Myofascial release (massage, rolling on a foam roller or ball), dynamic stretching, static stretching, and mobility work are integral and shouldn't take more than a couple of minutes a day.

In addition to helping you stay pain and injury free, another benefit of this type of work is increased agility. And let's face it, most people aren't impressed by useless bulk. Awesome displays of agility and grace are the real reason we are awed by great athletes.

My friends and colleagues Steve Cotter and Ken Blackburn founded the International Kettlebell and Fitness Federation with the goal of spreading effective ways in which everyone can increase these qualities (and more).

Check out this video of Ken demonstrating some agility drills

The amazing Steve Cotter

Granted Ken & Steve are extreme examples, but trust me that incorporating some mobility and agility work into your training will make you look, feel, and move better.

Wednesday, November 19, 2008

Looking Good (clothing optional)

Apologies for not posting in the last week. Things have been busy at work and my wife and I took a few days off for an enjoyable cross country drive.

My friend and colleague Nate Green is having his first book published momentarily (congrats Nate!). One would think this guy is too young to know anything, but what separates him from 99.99% of trainers is that he has sought out the best to learn from. So I recommend you read the following excerpt from his book Built For Show. And since Nate is a better writer than I below I'll quote some tips for issues I see on a daily basis.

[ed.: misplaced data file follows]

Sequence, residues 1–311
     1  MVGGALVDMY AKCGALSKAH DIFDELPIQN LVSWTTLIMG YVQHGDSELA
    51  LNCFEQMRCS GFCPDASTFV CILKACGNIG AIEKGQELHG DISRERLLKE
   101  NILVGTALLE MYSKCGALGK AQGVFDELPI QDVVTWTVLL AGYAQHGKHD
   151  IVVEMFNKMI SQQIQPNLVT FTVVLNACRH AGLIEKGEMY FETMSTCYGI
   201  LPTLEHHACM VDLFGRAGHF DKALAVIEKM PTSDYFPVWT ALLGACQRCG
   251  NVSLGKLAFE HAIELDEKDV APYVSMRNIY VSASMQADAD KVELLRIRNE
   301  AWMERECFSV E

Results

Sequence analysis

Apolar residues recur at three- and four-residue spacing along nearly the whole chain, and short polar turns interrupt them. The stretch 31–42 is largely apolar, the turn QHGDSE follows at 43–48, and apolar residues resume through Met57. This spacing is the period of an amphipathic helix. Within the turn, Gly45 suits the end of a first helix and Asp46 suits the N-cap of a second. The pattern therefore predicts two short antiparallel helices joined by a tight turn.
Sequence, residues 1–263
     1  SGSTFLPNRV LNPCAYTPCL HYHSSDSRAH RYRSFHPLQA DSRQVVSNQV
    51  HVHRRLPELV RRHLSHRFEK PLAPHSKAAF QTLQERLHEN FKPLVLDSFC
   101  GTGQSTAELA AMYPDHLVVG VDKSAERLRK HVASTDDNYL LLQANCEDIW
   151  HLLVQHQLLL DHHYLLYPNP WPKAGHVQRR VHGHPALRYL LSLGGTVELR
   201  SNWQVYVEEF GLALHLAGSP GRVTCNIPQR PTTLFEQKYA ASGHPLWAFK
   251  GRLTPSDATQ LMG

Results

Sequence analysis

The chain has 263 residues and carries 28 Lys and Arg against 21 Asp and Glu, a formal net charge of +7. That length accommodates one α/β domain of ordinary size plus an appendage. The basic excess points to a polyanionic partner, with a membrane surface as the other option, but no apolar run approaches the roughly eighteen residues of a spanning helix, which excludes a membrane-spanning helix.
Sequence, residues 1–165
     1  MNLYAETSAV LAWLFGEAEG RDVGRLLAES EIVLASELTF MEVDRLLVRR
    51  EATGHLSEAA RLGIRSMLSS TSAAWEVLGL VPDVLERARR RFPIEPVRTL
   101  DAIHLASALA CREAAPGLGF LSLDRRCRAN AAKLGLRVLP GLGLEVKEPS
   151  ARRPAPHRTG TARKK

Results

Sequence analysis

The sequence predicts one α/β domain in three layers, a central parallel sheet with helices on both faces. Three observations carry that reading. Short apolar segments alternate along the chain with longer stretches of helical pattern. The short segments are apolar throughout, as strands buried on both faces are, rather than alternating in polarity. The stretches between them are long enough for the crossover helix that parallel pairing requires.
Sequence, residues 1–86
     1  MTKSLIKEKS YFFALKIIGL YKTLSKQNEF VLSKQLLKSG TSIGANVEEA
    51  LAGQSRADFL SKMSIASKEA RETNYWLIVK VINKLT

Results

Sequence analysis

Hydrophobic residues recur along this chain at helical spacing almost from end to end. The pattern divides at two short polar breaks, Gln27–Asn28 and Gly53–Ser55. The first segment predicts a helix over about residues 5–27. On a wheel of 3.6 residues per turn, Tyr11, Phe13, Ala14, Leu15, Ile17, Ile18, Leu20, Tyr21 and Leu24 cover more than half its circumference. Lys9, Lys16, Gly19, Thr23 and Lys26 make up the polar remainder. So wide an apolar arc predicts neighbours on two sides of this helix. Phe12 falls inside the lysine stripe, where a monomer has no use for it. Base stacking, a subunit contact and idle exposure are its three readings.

Things fat guys believe that keep them fat
"If I eat before and after workouts, my body won't burn as much fat."

Skipping meals is the best way I know to prevent your body from using its stored fat for energy. Counterintuitive as it seems, regular meals, including pre- and post-workout nutrition, will promote steady fat loss. It works the same way whether you're lean or lardy. The more often you eat while you're doing a serious training program, the more fat you lose.

Your body needs fuel, pure and simple. A pre-workout meal of protein and carbohydrates will actually enhance blood flow and help deliver nutrients to the muscles when they need it most: when you're breaking them down by working out. Similarly, a post-workout meal will help speed muscle growth and help you recover quicker before your next formal (weight-lifting) or informal (girl-lifting) training session.

That said, I'm not particularly militant about pre-workout meals. I don't think it's a good idea to work out on an empty stomach, so I tell my clients who like to work out in the morning that they should eat something first. What they eat, and how much they eat, is more of a personal thing.

Later in the day, do what works best for you. If you can't train hard without eating something right before your workout, make sure you have something ready to eat. If you can get in a good workout two or three hours after your most recent meal, that's cool. I'm not going to tell you to ignore your body and follow some arbitrary guideline.

Building muscle

"I'm trying to build size, not strength."

The human body isn't stupid. If it's going to overcome a genetic propensity toward low body weight, it needs a better excuse than "I just want to be bigger." Strength is the excuse. Give the muscles tasks that push their limits, using heavy weights and smart program design, and they'll get bigger to meet the increased need for strength.